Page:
wrack


From The Collaborative International Dictionary of English v.0.48:

Wrack \Wrack\, n.
   A thin, flying cloud; a rack.
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From The Collaborative International Dictionary of English v.0.48:

Wrack \Wrack\, v. t.
   To rack; to torment. [R.]
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From The Collaborative International Dictionary of English v.0.48:

Wrack \Wrack\, n. [OE. wrak wreck. See Wreck.]
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   1. Wreck; ruin; destruction. [Obs.] --Chaucer. "A world
      devote to universal wrack." --Milton.
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   2. Any marine vegetation cast up on the shore, especially
      plants of the genera Fucus, Laminaria, and Zostera,
      which are most abundant on northern shores.
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   3. (Bot.) Coarse seaweed of any kind.
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   Wrack grass, or Grass wrack (Bot.), eelgrass.
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From The Collaborative International Dictionary of English v.0.48:

Wrack \Wrack\, v. t.
   To wreck. [Obs.] --Dryden.
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From The Collaborative International Dictionary of English v.0.48:

Wreck \Wreck\, n. [OE. wrak, AS. wr[ae]c exile, persecution,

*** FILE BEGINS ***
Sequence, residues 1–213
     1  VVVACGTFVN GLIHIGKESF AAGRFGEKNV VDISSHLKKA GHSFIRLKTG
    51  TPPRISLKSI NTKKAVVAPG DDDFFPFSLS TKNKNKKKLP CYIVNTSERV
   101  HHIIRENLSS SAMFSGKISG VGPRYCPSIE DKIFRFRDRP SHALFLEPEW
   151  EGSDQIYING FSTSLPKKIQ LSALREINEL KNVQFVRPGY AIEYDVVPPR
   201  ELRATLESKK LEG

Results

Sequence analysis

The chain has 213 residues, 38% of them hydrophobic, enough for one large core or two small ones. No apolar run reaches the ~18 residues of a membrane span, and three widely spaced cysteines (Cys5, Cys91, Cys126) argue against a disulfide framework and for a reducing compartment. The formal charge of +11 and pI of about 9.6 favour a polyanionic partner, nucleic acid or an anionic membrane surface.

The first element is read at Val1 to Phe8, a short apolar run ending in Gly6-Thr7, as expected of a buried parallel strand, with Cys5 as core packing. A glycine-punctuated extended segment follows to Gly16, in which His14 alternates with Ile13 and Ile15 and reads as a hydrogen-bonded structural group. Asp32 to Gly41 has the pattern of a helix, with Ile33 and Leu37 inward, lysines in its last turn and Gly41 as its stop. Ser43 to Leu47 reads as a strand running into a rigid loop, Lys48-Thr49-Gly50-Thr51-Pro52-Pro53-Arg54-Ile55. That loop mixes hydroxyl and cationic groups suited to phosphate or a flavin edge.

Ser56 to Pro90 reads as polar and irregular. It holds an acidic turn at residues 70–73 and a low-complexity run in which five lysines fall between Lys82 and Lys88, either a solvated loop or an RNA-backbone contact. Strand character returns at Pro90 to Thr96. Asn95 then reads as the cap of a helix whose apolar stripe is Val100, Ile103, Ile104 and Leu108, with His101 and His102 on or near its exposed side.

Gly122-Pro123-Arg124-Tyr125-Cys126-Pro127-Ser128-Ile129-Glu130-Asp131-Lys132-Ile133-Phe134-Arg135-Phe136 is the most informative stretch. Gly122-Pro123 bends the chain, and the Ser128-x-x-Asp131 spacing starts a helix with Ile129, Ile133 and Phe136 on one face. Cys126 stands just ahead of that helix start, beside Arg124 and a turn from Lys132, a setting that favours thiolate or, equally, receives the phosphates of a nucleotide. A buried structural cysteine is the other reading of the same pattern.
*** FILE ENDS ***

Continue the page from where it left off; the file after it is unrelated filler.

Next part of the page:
misery, from wrecan to drive out, punish; akin to D. wrak,
   adj., damaged, brittle, n., a wreck, wraken to reject, throw
   off, Icel. rek a thing drifted ashore, Sw. vrak refuse, a
   wreck, Dan. vrag. See Wreak, v. t., and cf. Wrack a
   marine plant.] [Written also wrack.]
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   1. The destruction or injury of a vessel by being cast on
      shore, or on rocks, or by being disabled or sunk by the
      force of winds or waves; shipwreck.
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            Hard and obstinate
            As is a rock amidst the raging floods,
            'Gainst which a ship, of succor desolate,
            Doth suffer wreck, both of herself and goods.
                                                  --Spenser.
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   2. Destruction or injury of anything, especially by violence;
      ruin; as, the wreck of a railroad train.
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            The wreck of matter and the crush of worlds.
                                                  --Addison.
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            Its intellectual life was thus able to go on amidst
            the wreck of its political life.      --J. R. Green.
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   3. The ruins of a ship stranded; a ship dashed against rocks
      or land, and broken, or otherwise rendered useless, by
      violence and fracture; as, they burned the wreck.
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   4. The remain of anything ruined or fatally injured.
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            To the fair haven of my native home,
            The wreck of what I was, fatigued I come. --Cowper.
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   5. (Law) Goods, etc., which, after a shipwreck, are cast upon
      the land by the sea. --Bouvier.
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